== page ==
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Will The X.Org 7.5 Release Schedule Be Met?

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  • Will The X.Org 7.5 Release Schedule Be Met?

    Phoronix: Will The X.Org 7.5 Release Schedule Be Met?

    While the X Server is a very critical component to the Linux desktop and free software ecosystem, the X.Org project has had problems with delivering releases on time. Almost any X Server / X.Org release from recent times can be looked at and generally there were multiple delays in getting that release out that often spanned multiple months...

    http://www.phoronix.com/vr.php?view=NzM3Mw

  • #2
    Can you explain what "Beyond just being late, the quality of these X.Org releases have been degrading." means? As accurately as possible please.
    Thanks.

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    • #3
      opensuse 11.2

      i sincerely hope so, because if opensuse 11.2 ships without X.org 7.5 and x-server 1.7 then i will be deeply disappointed.

      god speed to the X devs.

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      • #4
        We're all aware of the "problems" (read: symptoms) here. But just nagging won't make them go away.

        What we really need now is talk about the underlying causes, and how we might go about addressing them.

        Does anyone have any insights here? Are there simply not enough developers on the project? A lack of leadership? Administrative or legal hold-ups? Broken contribution model? Something else entirely?

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        • #5
          Originally posted by R3MF View Post
          i sincerely hope so, because if opensuse 11.2 ships without X.org 7.5 and x-server 1.7 then i will be deeply disappointed.

          god speed to the X devs.
          I doubt they will meet the Jul 31 openSUSE 11.2 component freeze.

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          • #6
            with opensuse's 9-10 month release cycle they would be daft to lumber themselves with a 2008 X.org release for a distribution whose life-cycle mainly covers the year 2010. especially for the sake of a few weeks.

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            • #7
              I still feel a bit puzzled when I read about X.org vX.X release plans. Xserver release do make sense.
              But I thought I understood that the whole point about X modularization was that there would be no need to have coordinate releases anymore.

              I really don't care that X.org 7.5 is late or not. Shouldn't everyone only care about individual components?

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              • #8
                I don't like these articles, and wish Michael/Phoronix would stop the bashing.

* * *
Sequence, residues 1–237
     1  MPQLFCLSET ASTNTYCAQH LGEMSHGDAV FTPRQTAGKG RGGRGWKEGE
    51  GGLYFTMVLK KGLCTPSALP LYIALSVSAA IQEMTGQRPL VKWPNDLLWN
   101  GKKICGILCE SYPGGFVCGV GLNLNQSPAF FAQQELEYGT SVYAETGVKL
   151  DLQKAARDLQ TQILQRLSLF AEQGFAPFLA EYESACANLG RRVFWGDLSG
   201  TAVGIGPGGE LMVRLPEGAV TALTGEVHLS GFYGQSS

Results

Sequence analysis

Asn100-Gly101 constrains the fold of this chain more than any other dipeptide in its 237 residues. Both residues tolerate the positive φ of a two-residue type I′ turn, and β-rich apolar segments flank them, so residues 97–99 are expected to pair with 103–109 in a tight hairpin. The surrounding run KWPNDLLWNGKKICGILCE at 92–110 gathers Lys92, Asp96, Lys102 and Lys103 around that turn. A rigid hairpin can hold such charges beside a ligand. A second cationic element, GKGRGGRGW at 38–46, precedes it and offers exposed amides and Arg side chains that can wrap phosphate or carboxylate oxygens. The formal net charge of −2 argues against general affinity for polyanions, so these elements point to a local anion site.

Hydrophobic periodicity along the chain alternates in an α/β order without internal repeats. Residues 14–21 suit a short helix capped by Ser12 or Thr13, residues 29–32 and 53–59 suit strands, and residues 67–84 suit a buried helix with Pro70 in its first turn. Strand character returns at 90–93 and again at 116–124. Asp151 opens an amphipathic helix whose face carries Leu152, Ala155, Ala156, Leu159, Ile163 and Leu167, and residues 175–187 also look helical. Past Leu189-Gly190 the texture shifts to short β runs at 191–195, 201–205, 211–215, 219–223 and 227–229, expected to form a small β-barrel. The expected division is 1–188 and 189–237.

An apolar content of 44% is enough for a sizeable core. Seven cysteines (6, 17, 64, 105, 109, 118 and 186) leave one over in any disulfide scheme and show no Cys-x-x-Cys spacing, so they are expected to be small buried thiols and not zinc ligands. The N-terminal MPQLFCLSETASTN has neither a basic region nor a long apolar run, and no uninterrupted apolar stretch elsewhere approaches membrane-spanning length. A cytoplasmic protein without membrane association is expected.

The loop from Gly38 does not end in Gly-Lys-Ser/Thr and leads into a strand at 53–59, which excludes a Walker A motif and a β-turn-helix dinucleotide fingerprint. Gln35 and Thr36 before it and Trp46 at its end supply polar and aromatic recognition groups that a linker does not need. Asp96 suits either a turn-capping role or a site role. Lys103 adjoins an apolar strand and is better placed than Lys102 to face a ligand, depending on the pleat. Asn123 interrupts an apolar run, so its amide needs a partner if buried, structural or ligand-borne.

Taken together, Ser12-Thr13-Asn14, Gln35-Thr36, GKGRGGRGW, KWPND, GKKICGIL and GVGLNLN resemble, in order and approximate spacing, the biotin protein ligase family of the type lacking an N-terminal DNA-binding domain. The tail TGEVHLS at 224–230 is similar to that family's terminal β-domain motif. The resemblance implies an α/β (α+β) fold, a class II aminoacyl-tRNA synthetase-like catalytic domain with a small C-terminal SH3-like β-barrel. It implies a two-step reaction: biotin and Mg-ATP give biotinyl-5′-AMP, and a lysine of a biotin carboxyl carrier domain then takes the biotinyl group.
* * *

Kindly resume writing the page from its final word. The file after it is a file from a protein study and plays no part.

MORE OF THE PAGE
If you don't like the X.org schedule, write an article titled "Number of X.org core developers still small" or something.

                I don't think bashing the current dev's is gonna help get anything done faster, and is just going to make those currently volunteering their time feel less appreciated for their efforts.

                So, on that note, let me say - Considering the resources, I think the current X.org devs are doing a fine job adding features and moving things forward, and I for one appreciate their efforts, and will be happy to use those features When It's Done.

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                • #9
                  Originally posted by R3MF View Post
                  with opensuse's 9-10 month release cycle they would be daft to lumber themselves with a 2008 X.org release for a distribution whose life-cycle mainly covers the year 2010. especially for the sake of a few weeks.
                  The reason they went back to a 9-10 month release is because they wanted a longer period of testing, tweaking, and refining of the base system. I am glad they went back to this model that was successful for them in the past. They jammed the last release in 6 months that did not allow them sufficient time for bug fixes resulting in many normally classified Major bugs to be downgraded or put off to a future release.

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                  • #10
                    Originally posted by slashgrin View Post
                    We're all aware of the "problems" (read: symptoms) here. But just nagging won't make them go away.

                    What we really need now is talk about the underlying causes, and how we might go about addressing them.

                    Does anyone have any insights here? Are there simply not enough developers on the project? A lack of leadership? Administrative or legal hold-ups? Broken contribution model? Something else entirely?
                    Two things.

                    First, there's a lack of developers.

                    Second, there's a lack of testers; most people testing are developers.